Every woman is blessed with millions of oocytes (eggs) in her ovaries when she is born. These lay dormant for a long time, springing alive only later, when called upon. Thereon, one oocyte is released per month. Naturally, as a woman ages, the reserve of oocytes in her ovaries depletes. Beyond the age of 40, the surviving eggs in the ovaries present a poor chance of translating into a healthy pregnancy, due to genetic shifts and egg scarcity.
With changing lifestyles, many millennial women attempt to start a family at a later age. Some women struggle for several years to conceive a baby to no avail. The can serve as a blessing to such women.
Like a lamp that provides light and lustre to other lamps, there exist women who have had children of their own but wish to donate their surplus oocyte reserve to other women who dream of starting a family. Women who qualify as egg donors are identified by donor gamete banks, screened on various parameters and tested for transmissible viral diseases like HIV, hepatitis B and C and sexually transmitted diseases like syphilis. Following a slew of screening tests, they are classified based on blood group and counseled about the donor programme. If they choose to pursue the programme, they are registered for oocyte donation.
When a couple needs oocytes to achieve a pregnancy, they are directed to a donor bank where an appropriate donor is organised. After a series of checks, the process of oocyte stimulation and retrieval is begun. The entire process is strictly confidential. Following the retrieval, extracted oocytes are fertilised with the sperm of the male recipient and the resulting embryos are graded and transferred in a fresh or frozen cycle. This cycle is carried out by a fertility centre.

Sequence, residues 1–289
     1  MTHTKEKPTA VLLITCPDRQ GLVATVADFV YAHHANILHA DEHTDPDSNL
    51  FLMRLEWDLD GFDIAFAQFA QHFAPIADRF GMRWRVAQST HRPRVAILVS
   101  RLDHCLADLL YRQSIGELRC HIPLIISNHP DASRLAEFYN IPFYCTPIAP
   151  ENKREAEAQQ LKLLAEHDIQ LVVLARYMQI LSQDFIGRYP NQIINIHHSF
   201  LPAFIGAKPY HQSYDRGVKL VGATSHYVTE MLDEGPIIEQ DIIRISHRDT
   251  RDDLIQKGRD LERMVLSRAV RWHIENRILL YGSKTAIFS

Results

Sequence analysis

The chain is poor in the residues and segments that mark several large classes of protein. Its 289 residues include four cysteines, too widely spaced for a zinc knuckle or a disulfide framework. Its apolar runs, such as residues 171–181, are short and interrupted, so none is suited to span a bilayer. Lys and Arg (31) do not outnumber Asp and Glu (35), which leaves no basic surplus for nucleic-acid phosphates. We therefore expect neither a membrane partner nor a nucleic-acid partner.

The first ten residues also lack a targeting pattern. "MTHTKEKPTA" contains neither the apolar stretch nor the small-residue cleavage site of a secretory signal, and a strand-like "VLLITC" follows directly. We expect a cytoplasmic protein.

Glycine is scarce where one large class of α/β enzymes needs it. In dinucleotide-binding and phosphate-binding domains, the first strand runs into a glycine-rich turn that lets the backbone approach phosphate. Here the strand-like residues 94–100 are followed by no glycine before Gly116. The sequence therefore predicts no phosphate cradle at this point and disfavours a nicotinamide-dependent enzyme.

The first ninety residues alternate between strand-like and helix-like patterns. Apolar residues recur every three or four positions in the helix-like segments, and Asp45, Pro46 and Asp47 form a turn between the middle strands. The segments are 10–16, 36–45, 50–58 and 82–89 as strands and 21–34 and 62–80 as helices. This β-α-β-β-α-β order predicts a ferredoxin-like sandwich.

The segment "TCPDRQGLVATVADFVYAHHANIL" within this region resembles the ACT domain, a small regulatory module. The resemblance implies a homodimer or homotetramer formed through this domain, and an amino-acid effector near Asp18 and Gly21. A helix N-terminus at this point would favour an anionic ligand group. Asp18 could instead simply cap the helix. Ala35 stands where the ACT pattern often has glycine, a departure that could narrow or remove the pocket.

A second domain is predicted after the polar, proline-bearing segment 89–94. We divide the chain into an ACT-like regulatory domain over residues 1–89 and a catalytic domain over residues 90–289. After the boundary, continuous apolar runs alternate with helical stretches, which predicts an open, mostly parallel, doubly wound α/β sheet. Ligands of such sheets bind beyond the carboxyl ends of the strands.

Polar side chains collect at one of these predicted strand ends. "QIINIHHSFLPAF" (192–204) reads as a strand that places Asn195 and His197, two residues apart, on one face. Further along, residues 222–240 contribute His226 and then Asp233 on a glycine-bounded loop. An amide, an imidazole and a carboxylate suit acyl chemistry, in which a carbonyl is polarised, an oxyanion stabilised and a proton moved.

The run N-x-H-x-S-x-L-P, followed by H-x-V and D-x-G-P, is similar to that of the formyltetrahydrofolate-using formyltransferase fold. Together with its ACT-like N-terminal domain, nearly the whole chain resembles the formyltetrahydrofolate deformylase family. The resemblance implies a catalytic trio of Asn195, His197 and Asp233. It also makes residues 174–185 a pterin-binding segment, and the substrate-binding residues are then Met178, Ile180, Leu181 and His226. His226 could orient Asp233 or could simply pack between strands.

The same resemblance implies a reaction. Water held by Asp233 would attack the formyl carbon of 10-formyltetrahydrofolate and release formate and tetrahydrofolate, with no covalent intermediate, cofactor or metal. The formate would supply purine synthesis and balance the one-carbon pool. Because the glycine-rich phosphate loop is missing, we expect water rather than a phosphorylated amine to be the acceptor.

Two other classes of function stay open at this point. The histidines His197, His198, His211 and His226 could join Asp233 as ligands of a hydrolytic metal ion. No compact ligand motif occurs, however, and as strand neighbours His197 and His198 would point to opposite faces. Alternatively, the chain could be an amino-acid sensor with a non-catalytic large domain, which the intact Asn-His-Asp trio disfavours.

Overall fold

A point to note, is that an oocyte donor remains anonymous throughout and relinquishes all rights over the resulting child through a written consent. As per an ICMR recommendation in 2010, donors should be within an age band ranging from 21 and 35 years. Commercial donation is legal in India and a nominal monetary compensation for the donor is usually involved. However, IVF centres typically do not partake in the transactional process between a donor and concerned recipients.
Though donor programmes are usually opted for by older women, they are also a solution for young women whose oocytes are in short supply, who have genetically transferrable diseases or who have lost their ovaries due to surgeries, chemotherapy or other medical routines.
Donor oocyte programmes present a success rate of about 50 to 60%. This is far higher compared to the success rate of 7 to 10% in women with very low oocyte numbers attempting a pregnancy with their own eggs. A high success rate is possible with donated eggs, because the number and quality of eggs are likely to be superior.
There is no reported increase in anomalies in children conceived through donor programmes. The risk of an anomaly is equivalent to that of a naturally conceived child. Recent research suggests that children conceived through donates oocytes may be lighter at birth than children born through one’s own gametes.
On Cloudnine, our donor programmes are enveloped in empathy and efficiency and we strive to make happy families everyday.
Authored by Dr. B Kanchanadevi
Cloudnine Fertility – Chennai